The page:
These palatial libraries were ambiguously democratic. Though “free to all” might be inscribed over the doorway, their policies were often conservative, with ungenerous opening hours that discouraged workers with limited free time, closed stacks to prevent unsupervised browsing, and architectural hints that culture was a purifying pursuit, consistent with the City Beautiful movement which proposed serene and classical beauty as the cure for urban problems. Yet they were popular, and they laid the groundwork for a durable expectation that communities would have free public libraries. Toward the end of the 19th century, another vision for public libraries emerged, championed by women in towns across the country and boosted by another industrialist with a philanthropic bent. But that’s another story for another blog post.

This response to turbulent social stress would be unimaginable today. President Trump’s proposed budget completely defunds the Institute of Museum and Library Services and cuts LSTA grants to local libraries. Our new FCC commissioner has cut out a program that made internet access affordable for resource-poor schools and libraries, rolled back privacy protections so ISPs can get into the targeted advertising game, and now is attacking net neutrality rules so that our telecoms will be able to favor their content and limit access to competitors’ – or to sites that aren’t run by deep-pocket corporations.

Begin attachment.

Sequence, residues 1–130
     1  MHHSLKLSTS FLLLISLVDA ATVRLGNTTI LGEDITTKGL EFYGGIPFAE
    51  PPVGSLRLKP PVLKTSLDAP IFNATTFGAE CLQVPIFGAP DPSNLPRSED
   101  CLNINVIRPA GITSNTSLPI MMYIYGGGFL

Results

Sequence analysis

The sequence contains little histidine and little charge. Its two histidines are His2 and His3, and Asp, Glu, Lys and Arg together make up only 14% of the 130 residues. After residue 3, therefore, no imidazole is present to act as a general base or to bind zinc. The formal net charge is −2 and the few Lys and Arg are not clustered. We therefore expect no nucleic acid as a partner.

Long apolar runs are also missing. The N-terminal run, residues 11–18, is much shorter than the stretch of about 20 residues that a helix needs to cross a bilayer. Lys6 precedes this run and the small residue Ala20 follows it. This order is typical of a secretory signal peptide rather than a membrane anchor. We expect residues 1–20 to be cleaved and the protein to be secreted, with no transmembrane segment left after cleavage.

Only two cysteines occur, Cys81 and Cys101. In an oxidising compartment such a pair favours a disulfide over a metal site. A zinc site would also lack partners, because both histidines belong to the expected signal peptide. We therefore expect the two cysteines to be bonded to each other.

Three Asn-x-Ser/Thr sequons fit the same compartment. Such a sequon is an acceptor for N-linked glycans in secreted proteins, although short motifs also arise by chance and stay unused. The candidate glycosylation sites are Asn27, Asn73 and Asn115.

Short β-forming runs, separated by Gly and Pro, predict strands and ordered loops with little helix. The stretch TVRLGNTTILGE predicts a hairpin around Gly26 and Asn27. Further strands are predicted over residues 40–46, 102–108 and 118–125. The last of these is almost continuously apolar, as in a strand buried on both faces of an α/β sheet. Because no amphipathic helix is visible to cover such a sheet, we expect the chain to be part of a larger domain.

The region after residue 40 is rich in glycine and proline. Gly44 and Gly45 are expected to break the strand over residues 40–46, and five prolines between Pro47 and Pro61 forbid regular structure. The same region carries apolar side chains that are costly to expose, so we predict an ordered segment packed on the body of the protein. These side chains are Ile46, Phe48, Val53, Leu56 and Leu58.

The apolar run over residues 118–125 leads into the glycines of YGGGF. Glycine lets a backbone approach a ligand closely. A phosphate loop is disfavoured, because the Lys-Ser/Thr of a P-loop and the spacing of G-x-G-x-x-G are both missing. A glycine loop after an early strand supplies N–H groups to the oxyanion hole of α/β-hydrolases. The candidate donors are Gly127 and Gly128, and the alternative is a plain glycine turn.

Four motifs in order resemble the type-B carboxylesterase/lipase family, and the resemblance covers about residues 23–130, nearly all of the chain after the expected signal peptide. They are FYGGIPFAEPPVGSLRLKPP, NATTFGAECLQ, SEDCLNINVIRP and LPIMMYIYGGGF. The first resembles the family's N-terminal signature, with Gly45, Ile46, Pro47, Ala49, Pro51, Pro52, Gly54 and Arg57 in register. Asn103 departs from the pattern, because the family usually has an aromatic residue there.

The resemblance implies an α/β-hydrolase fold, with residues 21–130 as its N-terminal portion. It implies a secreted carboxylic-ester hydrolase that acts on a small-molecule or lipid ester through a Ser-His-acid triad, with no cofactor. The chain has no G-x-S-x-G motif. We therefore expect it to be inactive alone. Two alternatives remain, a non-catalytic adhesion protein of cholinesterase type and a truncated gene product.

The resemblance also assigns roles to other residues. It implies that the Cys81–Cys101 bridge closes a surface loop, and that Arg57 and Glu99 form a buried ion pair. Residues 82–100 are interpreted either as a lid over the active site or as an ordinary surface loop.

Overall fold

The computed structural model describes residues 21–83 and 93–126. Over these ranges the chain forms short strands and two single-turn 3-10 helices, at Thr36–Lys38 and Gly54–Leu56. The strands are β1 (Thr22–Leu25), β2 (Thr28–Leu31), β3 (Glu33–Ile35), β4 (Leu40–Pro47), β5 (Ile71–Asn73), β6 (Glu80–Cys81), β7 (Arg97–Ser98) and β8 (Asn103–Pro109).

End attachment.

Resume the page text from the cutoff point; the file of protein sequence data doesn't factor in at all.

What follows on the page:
County law libraries in Washington State, like the Public Law Library of King County, are open to the public but in fact receive no public tax dollars.  Unlike general public libraries, we lack the ability to levy taxes and instead rely almost entirely on fees assessed on paid civil filings in Superior and District court.   If you file a civil case in one of these courts and pay the filing fee, the law library in your county receives a very small portion of that fee.  If you use your county law library for some reason but don’t need to file a case, or do file a case but ask the court to waive your filing fee, you don’t pay anything for the law library’s services.

What made the vision of “free to all” so attractive in the late 19th century? Why now do we have to pay for “free” information services with our privacy and, ultimately, our freedom? And, given this dismal state of affairs, why do free public libraries persist?

(CC-licensed image of New York Public Library courtesy of ktbuffy.)